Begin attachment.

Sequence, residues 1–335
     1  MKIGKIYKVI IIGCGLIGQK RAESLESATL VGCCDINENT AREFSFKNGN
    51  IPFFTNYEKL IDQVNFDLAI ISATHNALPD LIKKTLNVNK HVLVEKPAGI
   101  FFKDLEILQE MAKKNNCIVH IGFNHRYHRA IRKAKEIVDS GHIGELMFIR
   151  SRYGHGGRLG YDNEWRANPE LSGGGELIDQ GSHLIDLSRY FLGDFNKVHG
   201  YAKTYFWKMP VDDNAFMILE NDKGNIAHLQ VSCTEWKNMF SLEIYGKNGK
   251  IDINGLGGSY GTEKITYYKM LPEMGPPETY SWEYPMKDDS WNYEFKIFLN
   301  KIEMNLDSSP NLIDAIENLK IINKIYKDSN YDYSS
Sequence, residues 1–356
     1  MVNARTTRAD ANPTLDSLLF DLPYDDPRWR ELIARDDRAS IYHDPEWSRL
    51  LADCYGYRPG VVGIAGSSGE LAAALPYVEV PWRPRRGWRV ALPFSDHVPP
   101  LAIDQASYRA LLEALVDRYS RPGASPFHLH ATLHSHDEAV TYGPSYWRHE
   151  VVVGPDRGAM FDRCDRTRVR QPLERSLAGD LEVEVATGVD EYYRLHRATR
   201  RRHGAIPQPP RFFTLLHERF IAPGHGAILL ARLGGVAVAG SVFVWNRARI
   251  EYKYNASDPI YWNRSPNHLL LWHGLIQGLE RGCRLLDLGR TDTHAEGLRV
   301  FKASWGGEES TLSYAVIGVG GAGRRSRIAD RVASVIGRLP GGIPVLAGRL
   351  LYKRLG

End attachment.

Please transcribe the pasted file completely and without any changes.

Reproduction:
Sequence, residues 1–335
     1  MKIGKIYKVI IIGCGLIGQK RAESLESATL VGCCDINENT AREFSFKNGN
    51  IPFFTNYEKL IDQVNFDLAI ISATHNALPD LIKKTLNVNK HVLVEKPAGI
   101  FFKDLEILQE MAKKNNCIVH IGFNHRYHRA IRKAKEIVDS GHIGELMFIR
   151  SRYGHGGRLG YDNEWRANPE LSGGGELIDQ GSHLIDLSRY FLGDFNKVHG
   201  YAKTYFWKMP VDDNAFMILE NDKGNIAHLQ VSCTEWKNMF SLEIYGKNGK
   251  IDINGLGGSY GTEKITYYKM LPEMGPPETY SWEYPMKDDS WNYEFKIFLN
   301  KIEMNLDSSP NLIDAIENLK IINKIYKDSN YDYSS
Sequence, residues 1–356
     1  MVNARTTRAD ANPTLDSLLF DLPYDDPRWR ELIARDDRAS IYHDPEWSRL
    51  LADCYGYRPG VVGIAGSSGE LAAALPYVEV PWRPRRGWRV ALPFSDHVPP
   101  LAIDQASYRA LLEALVDRYS RPGASPFHLH ATLHSHDEAV TYGPSYWRHE
   151  VVVGPDRGAM FDRCDRTRVR QPLERSLAGD LEVEVATGVD EYYRLHRATR
   201  RRHGAIPQPP RFFTLLHERF IAPGHGAILL ARLGGVAVAG SVFVWNRARI
   251  EYKYNASDPI YWNRSPNHLL LWHGLIQGLE RGCRLLDLGR TDTHAEGLRV
   301  FKASWGGEES TLSYAVIGVG GAGRRSRIAD RVASVIGRLP GGIPVLAGRL
   351  LYKRLG